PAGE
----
Accessibility Certified Staff

Kudos to Princeton staff who have earned professional certification in accessibility through the International Association of Accessibility Professionals, and to those who have passed Princeton's own IT accessibility testing exam.

The University's accessibility certification training programs develop staff awareness and competence in disability and accessibility so that IT and campus resources become increasingly accessible and welcoming to people with disabilities.

Staff who earn certification become part of Princeton's community of disability allies, and have regular opportunities to further their professional development and gather for events.



Josh Cartagena
School of Engineering and Applied Science
Web Developer and User Experience Specialist

Society’s advancement relies on the equitable design of information. The CPACC credential embodies this idea by providing technologists practical ways to create accessible information and evaluate its impact. As a developer and user researcher, these techniques have improved the nature of my work.

Julia Cheung
School of Public and International Affairs
Web Services Technical Support Specialist
Christina Chortaria
Library - Office of the Deputy University Librarian
Senior Library Software Engineer
John Cloys
School of Public and International Affairs
Web Services Manager

The web has become an important resource for many people. It is crucial that we remove any potential barriers and design and develop websites, systems, and applications in a manner that is inclusive for all.

Kathleen Cloys
Princeton University Investment Company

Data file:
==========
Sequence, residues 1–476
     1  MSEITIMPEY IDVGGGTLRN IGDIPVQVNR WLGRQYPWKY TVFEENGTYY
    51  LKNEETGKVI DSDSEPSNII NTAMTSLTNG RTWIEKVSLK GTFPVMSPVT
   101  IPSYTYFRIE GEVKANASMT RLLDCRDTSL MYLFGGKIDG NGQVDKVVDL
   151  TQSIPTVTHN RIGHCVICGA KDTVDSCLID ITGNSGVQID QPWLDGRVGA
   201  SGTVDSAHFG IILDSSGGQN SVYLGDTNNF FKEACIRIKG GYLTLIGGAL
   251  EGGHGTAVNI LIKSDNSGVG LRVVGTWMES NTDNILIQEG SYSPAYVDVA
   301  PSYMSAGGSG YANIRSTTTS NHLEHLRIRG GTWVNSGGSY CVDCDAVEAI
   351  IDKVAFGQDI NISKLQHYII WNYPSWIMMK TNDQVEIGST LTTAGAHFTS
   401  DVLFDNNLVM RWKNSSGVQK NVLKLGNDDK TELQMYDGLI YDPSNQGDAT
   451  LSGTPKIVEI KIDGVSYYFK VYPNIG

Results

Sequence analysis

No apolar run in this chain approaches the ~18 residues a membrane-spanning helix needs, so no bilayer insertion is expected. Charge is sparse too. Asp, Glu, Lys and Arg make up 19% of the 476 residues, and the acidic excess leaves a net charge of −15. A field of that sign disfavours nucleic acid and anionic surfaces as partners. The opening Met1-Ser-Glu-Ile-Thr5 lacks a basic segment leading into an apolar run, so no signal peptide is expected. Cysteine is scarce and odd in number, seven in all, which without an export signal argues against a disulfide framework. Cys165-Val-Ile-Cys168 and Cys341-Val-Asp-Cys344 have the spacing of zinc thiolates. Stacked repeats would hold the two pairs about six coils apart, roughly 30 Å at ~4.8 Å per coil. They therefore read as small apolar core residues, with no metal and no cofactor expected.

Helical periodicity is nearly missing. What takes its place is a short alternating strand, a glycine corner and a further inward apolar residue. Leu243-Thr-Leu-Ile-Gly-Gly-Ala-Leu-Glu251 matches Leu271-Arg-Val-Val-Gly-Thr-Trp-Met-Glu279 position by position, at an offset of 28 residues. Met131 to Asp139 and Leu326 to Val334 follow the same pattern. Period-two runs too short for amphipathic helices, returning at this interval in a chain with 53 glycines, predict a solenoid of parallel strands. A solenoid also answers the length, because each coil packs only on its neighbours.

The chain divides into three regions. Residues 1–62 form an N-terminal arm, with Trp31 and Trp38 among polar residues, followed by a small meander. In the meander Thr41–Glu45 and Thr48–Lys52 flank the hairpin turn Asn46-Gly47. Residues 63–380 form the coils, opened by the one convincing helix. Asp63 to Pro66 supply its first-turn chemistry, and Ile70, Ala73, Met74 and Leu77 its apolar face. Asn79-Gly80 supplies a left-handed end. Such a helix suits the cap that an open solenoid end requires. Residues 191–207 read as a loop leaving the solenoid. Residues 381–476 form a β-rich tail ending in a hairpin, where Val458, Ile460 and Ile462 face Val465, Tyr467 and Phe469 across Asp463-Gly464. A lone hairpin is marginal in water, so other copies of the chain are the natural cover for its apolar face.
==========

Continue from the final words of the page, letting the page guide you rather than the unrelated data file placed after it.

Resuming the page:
Executive Assistant
Carrie Collins
Pace Center for Civic Engagement
Senior Associate Director
Kathleen Coughlin
University Services
Associate Director, Performing Arts Services
William Crow
Department of Mathematics
Manager, Strategic Initiatives and Administration
Lauren Cutrone
Butler College
College Office Coordinator

Preparing for and earning a CPACC certification opens your eyes to the world in a way you’ve never experienced it before. It not only affects my work at Princeton University but I find myself considering accessibility everywhere I go -- when I use public transportation, when I use my cellphone, when I attend events, even when I’m just at the supermarket. I began this work with an intention to be more inclusive in my role at the university but I never expected the content of the course to affect everything I do. Especially after learning about the different models of disability, I’ve come to understand that considering accessibility isn’t just something to do when you’re in the right mood. It’s a necessity if we want to include everyone in everything we do. And at Princeton University, we want and need to include everyone.